Let's be honest. We all love shiny things.
After all, diamonds are a girl's best friend, right?
And, where would Lady Gaga be without a little bling?
I don't think there is such a thing as too shiny, especially when it comes to your hair. I have never had a client say to me, "My hair is too shiny, can we tone that down a notch?" It is a universally coveted trait.
So let's talk about how to obtain this holy grail of hair. There are two factors that determine the shininess of your hair.
The Color & The Cuticle
Why is the color important?
There are two types of pigment found in everyone's hair. One determines whether you are blonde or brunette, and the other whether you have red or no red. For now we are just going to talk about the first one, because that is the one that determines the darkness or lightness of your hair. The difference between a blonde and a brunette is not in the color of the pigment in their hair, it's in the amount of pigment found in the hair.
Blondes have very little pigment in their hair, where, the darker the brunette is, the more packed in the pigment is in her hair. Light bounces off of this pigment. So in a blonde, most of the light passes right through, where a brunette's hair bounces a lot more light back off. Voilà! There's your shine.
Q: I'm a brunette, why isn't my hair automatically shiny?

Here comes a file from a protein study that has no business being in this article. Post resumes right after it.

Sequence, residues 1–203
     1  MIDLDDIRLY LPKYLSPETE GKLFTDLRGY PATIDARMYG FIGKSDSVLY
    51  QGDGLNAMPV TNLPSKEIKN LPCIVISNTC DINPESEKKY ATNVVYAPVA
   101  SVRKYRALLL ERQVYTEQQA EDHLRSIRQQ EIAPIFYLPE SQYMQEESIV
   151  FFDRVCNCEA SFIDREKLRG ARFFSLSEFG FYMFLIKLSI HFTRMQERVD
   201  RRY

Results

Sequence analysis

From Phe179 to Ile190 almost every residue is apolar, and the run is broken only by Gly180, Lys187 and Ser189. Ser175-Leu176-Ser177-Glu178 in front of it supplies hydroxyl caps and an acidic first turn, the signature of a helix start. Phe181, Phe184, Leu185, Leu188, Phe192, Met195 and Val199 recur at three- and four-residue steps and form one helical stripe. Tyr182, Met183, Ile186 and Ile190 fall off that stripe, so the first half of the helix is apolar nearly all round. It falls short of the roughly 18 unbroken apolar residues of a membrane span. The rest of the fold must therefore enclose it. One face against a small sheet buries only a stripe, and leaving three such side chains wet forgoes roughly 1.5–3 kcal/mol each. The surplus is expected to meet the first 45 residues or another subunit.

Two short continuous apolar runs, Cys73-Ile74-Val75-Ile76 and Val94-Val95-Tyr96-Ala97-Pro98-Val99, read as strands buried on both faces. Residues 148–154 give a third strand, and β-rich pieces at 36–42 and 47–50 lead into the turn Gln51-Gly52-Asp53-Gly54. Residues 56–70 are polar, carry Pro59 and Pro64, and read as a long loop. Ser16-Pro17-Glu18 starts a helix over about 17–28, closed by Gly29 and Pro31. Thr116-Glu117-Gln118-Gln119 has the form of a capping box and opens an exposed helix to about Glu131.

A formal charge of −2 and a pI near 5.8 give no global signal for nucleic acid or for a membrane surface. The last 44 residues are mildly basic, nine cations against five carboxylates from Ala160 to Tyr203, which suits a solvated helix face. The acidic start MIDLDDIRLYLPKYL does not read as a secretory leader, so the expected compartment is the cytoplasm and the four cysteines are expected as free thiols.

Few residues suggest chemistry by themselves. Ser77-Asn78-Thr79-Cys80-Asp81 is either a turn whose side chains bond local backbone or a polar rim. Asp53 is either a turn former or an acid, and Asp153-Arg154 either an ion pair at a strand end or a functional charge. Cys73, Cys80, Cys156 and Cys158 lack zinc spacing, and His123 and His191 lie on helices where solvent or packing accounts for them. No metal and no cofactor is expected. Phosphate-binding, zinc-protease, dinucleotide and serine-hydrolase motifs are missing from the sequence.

A: The cuticle.
The cuticle is very important when talking about shine. The healthier the hair is the smoother the cuticle will be. Obviously the smoother the cuticle the more light reflects off of it's surface.
So how does one get shinier hair?
There are a few options all which involve color. What the chemical in any color does is opens the cuticle, deposits the color, and then closes the cuticle again. If you hair isn't super damaged the cuticle will probably be closed tighter than before the color. Which is why your hair looks extra shiny after coloring it.
If you don't want to change the color of you hair at all or are blonde:
Blonde girls there is some hope. You can get what is known as a Clear Gloss, also known as a Celophane. This will just close the cuticle down. It doesn't deposit any color at all.
Color you hair darker:
Unless you have greys, use a demi permanent color. By darkening your color you will boost the shine there as well by sealing the cuticle afterwords. And demi permanent does little to no damage to the hair.
Last night, at the Oscars, Sandra Bullocks hair looked beautiful, and extra shiny. I loved her old Hollywood style.
So Sandy B's hair,
Whose Oscar style did you love this year? I didn't get to watch because I am in a different time zone. Tell me who else I should look up.
Do you have any tricks to keep you hair shiny?
Thanks for reading! Have a great day!